It was early, very early. The gates opened at dawn. We stood in lines by gender. Rand in one line and the girls and I in the other. Soon we would see one of the most famous buildings in the world, the Taj Mahal.
In the center of the small town square stood a mound of wood ready to be lit for a bonfire. We milled about with the crowd encircling the woodpile, waiting to see what would happen next.
I sat alone in the dark yoga studio, waiting for the class to begin. I had arrived early, but was now wondering if other students would be joining the class. I had been in India for 2 months and had still not experienced the stretching, strengthening, breathing exercise in its country of birth.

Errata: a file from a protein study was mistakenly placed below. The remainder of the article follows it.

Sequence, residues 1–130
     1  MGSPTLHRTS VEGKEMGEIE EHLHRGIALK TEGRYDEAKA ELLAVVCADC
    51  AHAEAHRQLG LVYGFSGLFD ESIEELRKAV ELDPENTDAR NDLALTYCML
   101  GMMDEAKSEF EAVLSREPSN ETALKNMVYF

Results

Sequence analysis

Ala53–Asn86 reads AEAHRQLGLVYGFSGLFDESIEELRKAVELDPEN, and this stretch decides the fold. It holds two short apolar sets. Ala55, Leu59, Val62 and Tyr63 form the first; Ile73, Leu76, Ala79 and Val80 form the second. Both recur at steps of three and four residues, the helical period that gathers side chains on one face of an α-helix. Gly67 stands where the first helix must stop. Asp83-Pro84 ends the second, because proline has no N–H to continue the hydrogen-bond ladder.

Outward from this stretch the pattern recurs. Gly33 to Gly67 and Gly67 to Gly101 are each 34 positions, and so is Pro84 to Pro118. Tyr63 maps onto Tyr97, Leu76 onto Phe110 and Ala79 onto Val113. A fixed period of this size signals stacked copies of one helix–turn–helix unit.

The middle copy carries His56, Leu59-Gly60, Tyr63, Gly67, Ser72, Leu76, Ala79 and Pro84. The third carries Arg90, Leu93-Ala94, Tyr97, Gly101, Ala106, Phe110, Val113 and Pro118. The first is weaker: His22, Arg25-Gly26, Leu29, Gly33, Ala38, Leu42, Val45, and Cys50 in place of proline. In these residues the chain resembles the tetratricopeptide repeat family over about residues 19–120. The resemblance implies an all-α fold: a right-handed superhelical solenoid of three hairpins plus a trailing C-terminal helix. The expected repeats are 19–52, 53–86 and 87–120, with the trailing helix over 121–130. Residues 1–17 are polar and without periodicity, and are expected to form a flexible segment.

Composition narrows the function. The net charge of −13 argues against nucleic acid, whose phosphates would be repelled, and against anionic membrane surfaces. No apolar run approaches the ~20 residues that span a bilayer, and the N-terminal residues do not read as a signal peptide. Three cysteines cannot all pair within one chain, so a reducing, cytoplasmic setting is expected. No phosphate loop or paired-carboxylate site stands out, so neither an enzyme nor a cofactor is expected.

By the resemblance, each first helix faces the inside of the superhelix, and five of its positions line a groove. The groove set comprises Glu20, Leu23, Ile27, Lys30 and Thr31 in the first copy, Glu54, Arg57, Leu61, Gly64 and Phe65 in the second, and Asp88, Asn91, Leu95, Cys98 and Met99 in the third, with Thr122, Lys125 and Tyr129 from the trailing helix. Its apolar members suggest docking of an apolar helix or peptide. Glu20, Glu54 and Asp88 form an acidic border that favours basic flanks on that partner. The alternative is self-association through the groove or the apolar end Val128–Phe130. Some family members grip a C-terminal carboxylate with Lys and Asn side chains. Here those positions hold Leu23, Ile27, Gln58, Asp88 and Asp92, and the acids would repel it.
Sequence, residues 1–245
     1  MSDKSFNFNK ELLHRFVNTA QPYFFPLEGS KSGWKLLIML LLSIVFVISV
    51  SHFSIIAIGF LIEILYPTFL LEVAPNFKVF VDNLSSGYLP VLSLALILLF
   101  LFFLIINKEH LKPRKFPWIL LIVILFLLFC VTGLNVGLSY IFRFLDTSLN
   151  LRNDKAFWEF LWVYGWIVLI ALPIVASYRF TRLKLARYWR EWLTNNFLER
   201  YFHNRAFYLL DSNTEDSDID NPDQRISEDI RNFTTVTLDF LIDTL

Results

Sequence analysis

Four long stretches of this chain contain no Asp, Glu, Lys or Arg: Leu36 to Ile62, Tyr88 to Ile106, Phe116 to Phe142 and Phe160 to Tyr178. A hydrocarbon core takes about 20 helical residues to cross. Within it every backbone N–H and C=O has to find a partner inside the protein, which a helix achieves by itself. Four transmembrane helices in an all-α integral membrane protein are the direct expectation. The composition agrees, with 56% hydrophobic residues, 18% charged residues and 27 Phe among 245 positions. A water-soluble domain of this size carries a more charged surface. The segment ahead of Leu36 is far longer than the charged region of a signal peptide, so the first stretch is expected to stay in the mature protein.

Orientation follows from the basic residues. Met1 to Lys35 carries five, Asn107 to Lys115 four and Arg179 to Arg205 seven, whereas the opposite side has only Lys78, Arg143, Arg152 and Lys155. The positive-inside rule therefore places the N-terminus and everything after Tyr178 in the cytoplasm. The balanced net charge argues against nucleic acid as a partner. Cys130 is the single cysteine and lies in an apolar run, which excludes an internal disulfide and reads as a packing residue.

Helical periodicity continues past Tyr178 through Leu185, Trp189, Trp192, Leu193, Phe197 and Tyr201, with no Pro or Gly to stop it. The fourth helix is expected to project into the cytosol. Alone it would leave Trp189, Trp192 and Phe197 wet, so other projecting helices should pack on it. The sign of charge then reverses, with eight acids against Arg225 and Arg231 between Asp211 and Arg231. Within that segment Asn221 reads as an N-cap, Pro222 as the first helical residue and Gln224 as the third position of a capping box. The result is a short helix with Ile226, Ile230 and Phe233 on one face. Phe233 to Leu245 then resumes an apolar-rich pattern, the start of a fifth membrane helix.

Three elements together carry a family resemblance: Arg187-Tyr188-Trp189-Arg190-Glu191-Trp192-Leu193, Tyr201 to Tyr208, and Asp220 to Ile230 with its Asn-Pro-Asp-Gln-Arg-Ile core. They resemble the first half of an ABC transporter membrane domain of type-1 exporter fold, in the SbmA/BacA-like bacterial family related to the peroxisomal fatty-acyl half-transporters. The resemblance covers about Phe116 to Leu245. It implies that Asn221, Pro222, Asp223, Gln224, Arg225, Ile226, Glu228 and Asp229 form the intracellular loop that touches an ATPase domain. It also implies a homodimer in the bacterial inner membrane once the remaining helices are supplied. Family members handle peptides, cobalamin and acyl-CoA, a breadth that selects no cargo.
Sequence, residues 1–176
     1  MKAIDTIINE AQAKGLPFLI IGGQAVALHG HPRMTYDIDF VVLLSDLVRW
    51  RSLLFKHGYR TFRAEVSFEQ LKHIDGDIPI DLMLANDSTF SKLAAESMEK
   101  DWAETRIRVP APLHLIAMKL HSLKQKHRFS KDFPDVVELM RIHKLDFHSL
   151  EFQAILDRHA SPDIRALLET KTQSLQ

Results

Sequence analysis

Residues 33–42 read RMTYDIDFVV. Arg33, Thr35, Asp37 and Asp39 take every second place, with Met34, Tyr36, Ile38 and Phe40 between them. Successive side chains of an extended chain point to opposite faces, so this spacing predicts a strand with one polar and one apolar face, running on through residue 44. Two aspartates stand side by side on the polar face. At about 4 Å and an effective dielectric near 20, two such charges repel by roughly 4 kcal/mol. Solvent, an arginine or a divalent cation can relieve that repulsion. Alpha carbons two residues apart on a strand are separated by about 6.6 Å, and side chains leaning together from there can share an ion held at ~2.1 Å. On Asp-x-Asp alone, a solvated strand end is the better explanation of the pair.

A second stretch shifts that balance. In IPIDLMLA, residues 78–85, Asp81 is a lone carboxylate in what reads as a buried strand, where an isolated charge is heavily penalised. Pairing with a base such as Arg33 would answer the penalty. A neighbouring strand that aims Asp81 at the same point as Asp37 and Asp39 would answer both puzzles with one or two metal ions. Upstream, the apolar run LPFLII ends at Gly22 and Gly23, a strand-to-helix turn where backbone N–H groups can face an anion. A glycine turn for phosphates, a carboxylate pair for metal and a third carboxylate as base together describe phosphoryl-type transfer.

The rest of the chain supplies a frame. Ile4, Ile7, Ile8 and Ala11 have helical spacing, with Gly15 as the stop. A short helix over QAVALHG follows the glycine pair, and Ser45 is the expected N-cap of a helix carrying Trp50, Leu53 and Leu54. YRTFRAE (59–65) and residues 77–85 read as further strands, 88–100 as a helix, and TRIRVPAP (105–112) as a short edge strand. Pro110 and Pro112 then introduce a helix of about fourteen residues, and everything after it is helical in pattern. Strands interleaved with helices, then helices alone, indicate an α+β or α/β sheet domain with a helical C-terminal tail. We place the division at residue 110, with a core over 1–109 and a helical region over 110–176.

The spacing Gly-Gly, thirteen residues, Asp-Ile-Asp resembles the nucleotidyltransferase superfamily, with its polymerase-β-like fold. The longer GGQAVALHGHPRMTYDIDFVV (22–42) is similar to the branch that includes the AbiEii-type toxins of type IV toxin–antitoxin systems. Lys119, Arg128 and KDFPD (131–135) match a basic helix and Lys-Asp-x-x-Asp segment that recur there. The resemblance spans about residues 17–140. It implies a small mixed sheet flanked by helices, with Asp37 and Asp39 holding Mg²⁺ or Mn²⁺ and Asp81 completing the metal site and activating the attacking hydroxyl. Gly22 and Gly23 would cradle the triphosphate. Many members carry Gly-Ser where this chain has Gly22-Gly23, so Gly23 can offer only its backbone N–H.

Rishikesh, India is known as the Yoga Capital of the World. You would think that we would have immediately felt the zen of the place when we arrived, but you would be wrong. Our first day in the small mountain town was one of the most stressful of the whole trip.
Jaipur was the last, and our least favorite, city we visited in Rajasthan.
Seeing a tiger in the wild in India is largely a matter of luck and persistence (and a little bit of know how).
I looked across the scrub brush and could hardly believe I was sitting atop a camel, riding through a Rajasthani desert.